Submissions - Closed

The Stanford Law Review is no longer accepting articles for Volume 67. Submissions for Volume 68 will be accepted beginning on February 1, 2015.

Submission Requirements

For your reference, our submission requirements are described below.

Electronic Submissions

The Stanford Law Review evaluates only article manuscripts submitted using the form below. Articles cannot be submitted to the Stanford Law Review through ExpressO or any other electronic service. Paper submissions are also no longer reviewed. Please use the form below to submit a manuscript for consideration. [To instead submit an Essay for potential publication in the Stanford Law Review Online, visit the online essays submission page.]

Manuscript Specifications

Please do not include your name or other identifying information on your manuscript itself. Instead, enter your name and identifying information in the designated form fields when you upload your article onto the Stanford Law Review website. Any special requests or instructions should be entered in the "Notes" field.

Please include a brief abstract of your submission with the text. Resumes and biographical information are not required.

The text and citations of the Review generally conform to The Bluebook: A Uniform System of Citation (19th ed. 2010), copyright by the Columbia Law Review Association, the Harvard Law Review Association, the University of Pennsylvania Law Review, and the Yale Law Journal.

Article Length

The Stanford Law Review has a word limit of 30,000 words (including footnotes), and a preference for 25,000 words or fewer. We particularly value brevity so look favorably on pieces that are significantly below the 30,000-word ceiling. The Stanford Law Review is among the 15 leading law reviews joining the statement below:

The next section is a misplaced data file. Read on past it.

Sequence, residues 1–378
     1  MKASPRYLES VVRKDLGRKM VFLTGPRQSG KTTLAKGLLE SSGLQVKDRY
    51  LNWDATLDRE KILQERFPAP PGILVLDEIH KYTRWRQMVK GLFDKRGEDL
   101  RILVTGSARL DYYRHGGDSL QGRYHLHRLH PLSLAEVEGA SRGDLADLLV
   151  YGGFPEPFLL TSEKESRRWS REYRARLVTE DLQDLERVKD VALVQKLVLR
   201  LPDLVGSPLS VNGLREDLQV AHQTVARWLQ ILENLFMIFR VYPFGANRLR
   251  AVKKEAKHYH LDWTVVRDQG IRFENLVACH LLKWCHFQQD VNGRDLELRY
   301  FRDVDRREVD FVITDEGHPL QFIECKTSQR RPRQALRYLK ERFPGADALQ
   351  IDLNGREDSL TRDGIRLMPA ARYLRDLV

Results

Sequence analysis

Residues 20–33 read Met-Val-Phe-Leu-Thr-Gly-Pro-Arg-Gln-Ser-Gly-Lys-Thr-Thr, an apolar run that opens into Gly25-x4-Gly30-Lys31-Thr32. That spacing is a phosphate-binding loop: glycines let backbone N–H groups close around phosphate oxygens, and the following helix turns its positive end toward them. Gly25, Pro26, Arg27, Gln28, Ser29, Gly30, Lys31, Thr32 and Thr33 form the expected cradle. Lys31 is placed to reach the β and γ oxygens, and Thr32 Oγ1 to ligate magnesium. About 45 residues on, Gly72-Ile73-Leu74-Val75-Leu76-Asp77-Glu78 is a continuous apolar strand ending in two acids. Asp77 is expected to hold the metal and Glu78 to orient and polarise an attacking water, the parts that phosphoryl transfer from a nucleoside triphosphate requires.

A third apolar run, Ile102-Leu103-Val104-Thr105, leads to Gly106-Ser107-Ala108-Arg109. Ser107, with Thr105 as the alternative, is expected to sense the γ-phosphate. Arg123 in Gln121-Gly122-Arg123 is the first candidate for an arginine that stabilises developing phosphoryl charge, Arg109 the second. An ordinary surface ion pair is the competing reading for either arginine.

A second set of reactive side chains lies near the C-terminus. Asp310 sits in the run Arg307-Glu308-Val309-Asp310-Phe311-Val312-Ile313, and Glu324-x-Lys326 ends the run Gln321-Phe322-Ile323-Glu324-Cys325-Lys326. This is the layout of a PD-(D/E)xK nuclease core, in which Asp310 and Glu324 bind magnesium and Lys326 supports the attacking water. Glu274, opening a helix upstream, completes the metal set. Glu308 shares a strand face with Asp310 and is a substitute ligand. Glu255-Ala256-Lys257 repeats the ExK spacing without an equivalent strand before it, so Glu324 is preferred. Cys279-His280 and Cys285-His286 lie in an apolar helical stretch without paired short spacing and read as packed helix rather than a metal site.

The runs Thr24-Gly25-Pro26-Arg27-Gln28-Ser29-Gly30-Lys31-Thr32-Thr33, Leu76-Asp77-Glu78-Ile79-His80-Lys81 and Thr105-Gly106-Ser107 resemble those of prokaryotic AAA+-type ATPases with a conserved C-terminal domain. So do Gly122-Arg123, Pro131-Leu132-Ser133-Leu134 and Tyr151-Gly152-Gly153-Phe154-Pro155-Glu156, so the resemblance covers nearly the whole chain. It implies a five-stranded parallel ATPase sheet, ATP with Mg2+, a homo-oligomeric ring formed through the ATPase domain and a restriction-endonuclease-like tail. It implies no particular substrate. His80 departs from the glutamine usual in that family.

"In mid-December [2004], the Harvard Law Review conducted a nationwide survey of law faculty regarding the state of legal scholarship. Nearly 800 professors completed the survey and submitted their feedback. Complete tabulations of the survey will soon be available on the web. Importantly, the survey documented one particularly unambiguous view shared by faculty and law review editors alike: the length of articles has become excessive. In fact, nearly 90% of faculty agreed that articles are too long. In addition, dozens of respondents submitted specific comments, identifying the dangers of this trend and calling for action. Survey respondents suggested that shorter articles would enhance the quality of legal scholarship, shorten and improve the editing process, and render articles more effective and easier to read. The law reviews [that join this statement] are very grateful for the constructive feedback and wish to acknowledge a role in contributing to this unfortunate trend in legal scholarship. To the extent that the article selection or editing process encourages the submission and publication of lengthier articles, each of the law reviews listed above is committed to rethinking and modifying its policies as necessary. Indeed, some have already done so. The vast majority of law review articles can effectively convey their arguments within the range of 40-70 pages, and any impression that law reviews only publish or strongly prefer lengthier articles should be dispelled. Ultimately, individual law reviews will have to decide for themselves how best to resolve these concerns. Please know, however, that editors across the country are cognizant of the troubling trend toward longer articles and are actively exploring how to address it."

Ethics Policy